External exams 'unfair'

Internal assessment is a more motivating way to measure ability, claim students in an SQA survey

AS THE annual exams diet got under way this week, the first-ever survey of students carried out by the Scottish Qualifications Authority has revealed that many do not believe external exams are a fair way of measuring their ability.

Instead, the majority of young people questioned threw their weight behind internal unit assessments, saying they were "motivating" and helped them to understand the course as a whole.

The findings will fuel the debate on assessment, the future of Standard grade, and whether a single external exam at the exit point from school should replace the current system of external exams in S4, S5 and S6.

Janet Brown, the recently appointed chief executive of the Scottish Qualifications Authority, revealed this week that the exams body is to consult on potential changes to the assessment regime for S4 pupils after the summer.

Judith Gillespie, a member of the SQA board and development officer of the Scottish Parent Teacher Council, said discussions over moves to reduce external examinations tended to assume there would be huge resistance from pupils and parents.

This survey suggested that would not be the case, Mrs Gillespie said.

Support for retaining a formal examination system was more likely to come from teachers as they would not want to take on the responsibility for judging pupils.

Ronnie Smith, general secretary of the Educational Institute of Scotland, said teachers' views on the merits of an external exams system were very varied. "What drives them a lot in their stance on that are the workload ramifications," he added.

But Mr Smith said workload was not just an issue for teachers. He pointed to the 60 per cent of candidates who reported in the SQA's survey that they were being asked to sit too many assessments at the same time, and 35 per cent who said they had to sit assessments before they were ready.

A migration away from external exams towards more internal assessment might mean that internal assessment became as stressful as the exams, Mr Smith suggested. "You can't have pupils sitting units too early because you've got to have a certain amount of learning and teaching under the bridge first," he warned.

The questionnaire found that 65 per cent - nearly two-thirds - of pupils sitting national quali-fications - Standard grades, Intermediates 1 and 2, Highers and Advanced Highers - found examinations "stressful".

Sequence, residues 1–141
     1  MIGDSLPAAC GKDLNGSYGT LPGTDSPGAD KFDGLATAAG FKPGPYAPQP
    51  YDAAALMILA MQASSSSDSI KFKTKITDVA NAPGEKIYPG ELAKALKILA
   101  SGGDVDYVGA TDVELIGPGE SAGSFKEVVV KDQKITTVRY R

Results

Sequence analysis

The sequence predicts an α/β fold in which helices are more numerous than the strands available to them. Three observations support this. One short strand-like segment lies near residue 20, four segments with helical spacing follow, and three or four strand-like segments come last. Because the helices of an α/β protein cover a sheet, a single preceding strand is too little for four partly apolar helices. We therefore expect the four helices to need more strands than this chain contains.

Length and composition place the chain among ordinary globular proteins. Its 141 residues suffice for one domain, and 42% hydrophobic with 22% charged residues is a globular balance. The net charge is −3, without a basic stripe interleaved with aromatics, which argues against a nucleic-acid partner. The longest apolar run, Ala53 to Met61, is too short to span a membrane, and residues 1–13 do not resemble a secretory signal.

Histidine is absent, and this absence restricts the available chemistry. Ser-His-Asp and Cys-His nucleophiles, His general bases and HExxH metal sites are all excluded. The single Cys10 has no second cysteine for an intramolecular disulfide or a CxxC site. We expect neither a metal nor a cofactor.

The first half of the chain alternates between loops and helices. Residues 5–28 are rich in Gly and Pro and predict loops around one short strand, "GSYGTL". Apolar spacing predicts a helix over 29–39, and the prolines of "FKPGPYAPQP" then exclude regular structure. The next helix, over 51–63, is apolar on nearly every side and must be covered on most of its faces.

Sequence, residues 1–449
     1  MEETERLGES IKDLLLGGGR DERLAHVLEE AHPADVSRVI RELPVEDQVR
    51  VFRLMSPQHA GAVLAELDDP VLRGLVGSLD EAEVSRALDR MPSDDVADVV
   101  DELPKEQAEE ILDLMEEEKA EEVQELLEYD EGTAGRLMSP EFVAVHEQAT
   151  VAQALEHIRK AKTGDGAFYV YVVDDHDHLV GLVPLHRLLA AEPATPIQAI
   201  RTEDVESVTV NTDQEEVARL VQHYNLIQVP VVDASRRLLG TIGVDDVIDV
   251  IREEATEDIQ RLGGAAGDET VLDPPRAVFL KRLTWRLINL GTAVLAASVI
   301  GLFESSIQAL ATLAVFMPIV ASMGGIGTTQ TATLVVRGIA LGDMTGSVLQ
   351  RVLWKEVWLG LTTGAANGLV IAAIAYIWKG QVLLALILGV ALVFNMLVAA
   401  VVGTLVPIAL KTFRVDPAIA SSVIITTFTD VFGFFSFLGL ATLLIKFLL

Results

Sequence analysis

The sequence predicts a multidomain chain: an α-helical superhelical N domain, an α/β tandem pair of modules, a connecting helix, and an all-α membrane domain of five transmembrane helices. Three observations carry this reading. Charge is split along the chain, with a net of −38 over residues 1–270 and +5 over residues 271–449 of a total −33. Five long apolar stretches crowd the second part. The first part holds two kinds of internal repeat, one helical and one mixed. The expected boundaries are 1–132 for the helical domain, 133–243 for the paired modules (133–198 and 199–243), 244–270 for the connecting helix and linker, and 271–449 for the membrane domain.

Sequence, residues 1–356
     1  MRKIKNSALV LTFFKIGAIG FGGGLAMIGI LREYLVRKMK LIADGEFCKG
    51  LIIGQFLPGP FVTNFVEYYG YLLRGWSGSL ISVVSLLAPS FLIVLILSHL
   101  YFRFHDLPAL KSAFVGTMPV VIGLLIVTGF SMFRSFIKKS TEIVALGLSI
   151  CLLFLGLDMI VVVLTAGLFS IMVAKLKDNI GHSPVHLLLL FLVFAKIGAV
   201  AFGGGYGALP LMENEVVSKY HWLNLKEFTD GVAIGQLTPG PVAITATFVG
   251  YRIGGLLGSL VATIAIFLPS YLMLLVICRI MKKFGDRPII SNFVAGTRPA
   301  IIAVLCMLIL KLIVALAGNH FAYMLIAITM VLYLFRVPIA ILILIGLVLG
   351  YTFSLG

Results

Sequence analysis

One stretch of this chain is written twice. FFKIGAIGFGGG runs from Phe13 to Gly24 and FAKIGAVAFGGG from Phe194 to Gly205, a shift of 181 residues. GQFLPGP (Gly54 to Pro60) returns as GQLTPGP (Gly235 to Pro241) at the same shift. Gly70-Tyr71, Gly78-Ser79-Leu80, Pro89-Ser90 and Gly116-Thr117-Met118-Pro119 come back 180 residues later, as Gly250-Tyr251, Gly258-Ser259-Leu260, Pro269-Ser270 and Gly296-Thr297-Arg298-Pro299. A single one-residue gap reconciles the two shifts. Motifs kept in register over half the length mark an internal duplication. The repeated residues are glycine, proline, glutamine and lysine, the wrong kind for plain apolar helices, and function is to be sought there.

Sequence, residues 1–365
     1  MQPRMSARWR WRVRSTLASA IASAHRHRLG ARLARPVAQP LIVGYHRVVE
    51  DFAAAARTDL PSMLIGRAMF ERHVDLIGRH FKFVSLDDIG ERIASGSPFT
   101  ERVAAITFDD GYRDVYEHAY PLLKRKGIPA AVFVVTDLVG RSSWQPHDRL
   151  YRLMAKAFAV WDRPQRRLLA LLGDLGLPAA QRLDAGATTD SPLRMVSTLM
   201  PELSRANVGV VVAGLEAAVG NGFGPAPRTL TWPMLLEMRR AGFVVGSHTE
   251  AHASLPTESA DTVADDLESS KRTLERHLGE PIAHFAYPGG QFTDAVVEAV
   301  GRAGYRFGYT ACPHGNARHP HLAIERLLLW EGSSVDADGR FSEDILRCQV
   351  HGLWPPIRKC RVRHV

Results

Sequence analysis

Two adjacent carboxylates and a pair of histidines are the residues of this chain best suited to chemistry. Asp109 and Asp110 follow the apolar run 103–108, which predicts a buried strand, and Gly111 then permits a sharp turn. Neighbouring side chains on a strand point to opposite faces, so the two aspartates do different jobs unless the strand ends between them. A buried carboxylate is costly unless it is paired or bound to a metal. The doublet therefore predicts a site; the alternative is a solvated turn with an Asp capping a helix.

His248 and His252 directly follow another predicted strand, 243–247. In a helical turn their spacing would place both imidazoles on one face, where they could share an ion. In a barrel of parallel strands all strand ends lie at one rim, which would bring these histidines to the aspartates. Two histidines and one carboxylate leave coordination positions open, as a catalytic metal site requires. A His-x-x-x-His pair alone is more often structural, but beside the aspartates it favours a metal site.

That finding might be seen as an "unavoidable consequence of high stakes assessment", the report acknowledged. But it would nevertheless be "appropriate for the SQA to bear in mind the stresses that examinations cause for candidates".

A majority of pupils - 70 per cent - said they thought S4 was the correct time to begin sitting external exams. But a further question, asking whether S3 pupils should be sitting Standard grades or Intermediates, produced a confusing result: 20 per cent strongly agreed and a further 30 per cent agreed.

A significant proportion of candidates, although not a clear majority, thought the time spent preparing for exams could be better spent on learning.

Although students said the main motivating factors for sitting exams were access to higher education, further study or employment, all the groups questioned - from S4 pupils to FE students taking HNCs and HNDs - said they took the qualifications in order to improve their employment prospects, and for personal development and interest.

Some candidates were sceptical of plans to increase the use of technology in assessment and learning, but a majority were supportive of such a change (p17).

Next week

The TESS launches its comprehensive survey of secondary teachers' and FE lecturers' analysis of this year's SQA exam papers, from Standard grade through to Advanced Highers. The first week of this six-week series will cover Standard grade papers in Italian, technological studies, English, computing studies, music, maths, classical Greek and PE.

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